Health Economics and Outcome Measurement (HEOM)

Theme Lead - Professor John Brazier
 
Although our demand for health care is infinite, health care budgets, such as budgets for the provision of treatments and services on the NHS, are finite.

This means that when a new treatment or service is proposed a decision has to be made about whether to fund it, and what treatments or services are displaced by its implementation. Health economics is essentially about providing information to decision makers to help them decide how best to spend their health budgets. 

It is important that the health economic information presented to decision makers is provided in a uniform way so that the cost-effectiveness of a treatment for cancer can be compared to a service for maternity care, for example. Health economists do this by presenting results as costs per "quality adjusted life years" (QALY). This ensures that the effectiveness of the treatment and how it affects patients’ quality of life are taken into consideration. 


The typical way of measuring quality of life is to ask the patient using a survey/questionnaire. Health economists use a special type of quality of life questionnaire known as a utility measure in order to collect this information from patients. Again, it is important that we use a uniform set of questions for comparability across different patient groups, diseases and services.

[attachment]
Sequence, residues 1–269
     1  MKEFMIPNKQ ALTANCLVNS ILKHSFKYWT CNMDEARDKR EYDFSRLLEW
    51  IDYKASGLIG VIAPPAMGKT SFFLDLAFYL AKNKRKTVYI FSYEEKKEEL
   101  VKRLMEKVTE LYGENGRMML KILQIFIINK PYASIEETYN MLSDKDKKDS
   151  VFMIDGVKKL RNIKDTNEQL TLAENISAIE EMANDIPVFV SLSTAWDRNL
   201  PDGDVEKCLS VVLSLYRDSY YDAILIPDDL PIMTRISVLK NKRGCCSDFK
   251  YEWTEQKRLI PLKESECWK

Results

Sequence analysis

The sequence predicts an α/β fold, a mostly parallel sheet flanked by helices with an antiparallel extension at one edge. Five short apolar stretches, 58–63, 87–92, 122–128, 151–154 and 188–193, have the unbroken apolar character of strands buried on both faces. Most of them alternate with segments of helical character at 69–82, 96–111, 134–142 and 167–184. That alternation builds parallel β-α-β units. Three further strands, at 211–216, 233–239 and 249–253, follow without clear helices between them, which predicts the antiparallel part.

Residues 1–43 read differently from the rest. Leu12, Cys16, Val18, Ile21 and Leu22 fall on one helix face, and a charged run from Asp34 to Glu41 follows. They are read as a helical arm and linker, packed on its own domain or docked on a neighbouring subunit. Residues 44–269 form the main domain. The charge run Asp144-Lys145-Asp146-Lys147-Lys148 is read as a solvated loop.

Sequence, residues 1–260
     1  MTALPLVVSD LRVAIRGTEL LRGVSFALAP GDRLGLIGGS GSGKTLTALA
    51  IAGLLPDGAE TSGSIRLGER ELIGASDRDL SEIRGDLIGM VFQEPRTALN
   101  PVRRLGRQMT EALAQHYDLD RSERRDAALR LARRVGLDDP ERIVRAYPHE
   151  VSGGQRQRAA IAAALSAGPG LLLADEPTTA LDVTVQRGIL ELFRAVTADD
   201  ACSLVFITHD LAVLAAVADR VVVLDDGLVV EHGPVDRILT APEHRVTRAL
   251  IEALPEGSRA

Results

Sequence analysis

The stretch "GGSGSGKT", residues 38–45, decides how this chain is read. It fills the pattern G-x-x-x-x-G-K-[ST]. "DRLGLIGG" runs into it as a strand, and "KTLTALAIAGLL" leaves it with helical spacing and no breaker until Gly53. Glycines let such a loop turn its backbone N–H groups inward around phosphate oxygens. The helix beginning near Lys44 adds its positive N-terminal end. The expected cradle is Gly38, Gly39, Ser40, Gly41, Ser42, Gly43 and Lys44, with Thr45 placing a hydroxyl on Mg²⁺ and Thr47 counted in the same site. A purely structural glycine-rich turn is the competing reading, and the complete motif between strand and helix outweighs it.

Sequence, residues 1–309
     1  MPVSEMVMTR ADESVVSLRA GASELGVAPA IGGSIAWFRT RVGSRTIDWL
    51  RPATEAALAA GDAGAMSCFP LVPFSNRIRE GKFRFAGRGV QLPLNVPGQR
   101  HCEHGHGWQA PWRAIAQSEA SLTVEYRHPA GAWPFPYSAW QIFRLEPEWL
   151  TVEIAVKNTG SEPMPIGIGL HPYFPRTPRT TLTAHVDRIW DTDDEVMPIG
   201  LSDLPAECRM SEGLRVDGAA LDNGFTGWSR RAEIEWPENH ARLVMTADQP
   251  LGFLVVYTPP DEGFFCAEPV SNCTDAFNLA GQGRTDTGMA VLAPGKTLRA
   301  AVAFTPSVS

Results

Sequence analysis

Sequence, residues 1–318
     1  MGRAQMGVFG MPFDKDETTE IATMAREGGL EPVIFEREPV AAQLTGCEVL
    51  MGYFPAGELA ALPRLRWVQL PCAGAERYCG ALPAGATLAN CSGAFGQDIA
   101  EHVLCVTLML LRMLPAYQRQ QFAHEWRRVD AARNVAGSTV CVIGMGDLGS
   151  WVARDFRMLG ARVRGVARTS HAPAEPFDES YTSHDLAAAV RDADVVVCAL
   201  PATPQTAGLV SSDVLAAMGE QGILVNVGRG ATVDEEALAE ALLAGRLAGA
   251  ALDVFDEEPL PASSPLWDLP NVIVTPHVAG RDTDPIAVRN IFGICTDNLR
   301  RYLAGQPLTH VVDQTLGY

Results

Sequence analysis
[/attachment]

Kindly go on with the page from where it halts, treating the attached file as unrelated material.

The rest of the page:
Health economics also takes into consideration fairness (equity) and equality. The health economist’s role in this is to provide information to the decision maker to try to ensure our health care systems are fair and accessible to everyone. 


In CLAHRC YH, the aims of the Health Economics and Outcomes Measurement theme are:

·       to increase the understanding of health economics and outcomes measurement in all aspects of healthcare 
·       to explore the methodology behind health economics and outcomes measurement to ensure it is as robust as possible and will stand up to scrutiny
·       to advise how best to collect the data which is required to provide evidence for decision making

The HEOM theme will also work with other themes in CLAHRC to analyse the cost-effectiveness of innovative treatments, providing evidence as to their efficacy to help decision makers choose whether an alternative treatment would be preferable. 

The overall aim of the HEOM theme is to improve patient care by providing healthcare decision makers with the best evidence possible to make the best choices for their patients

A more detailed description of the HEOM theme's objectives can be found here.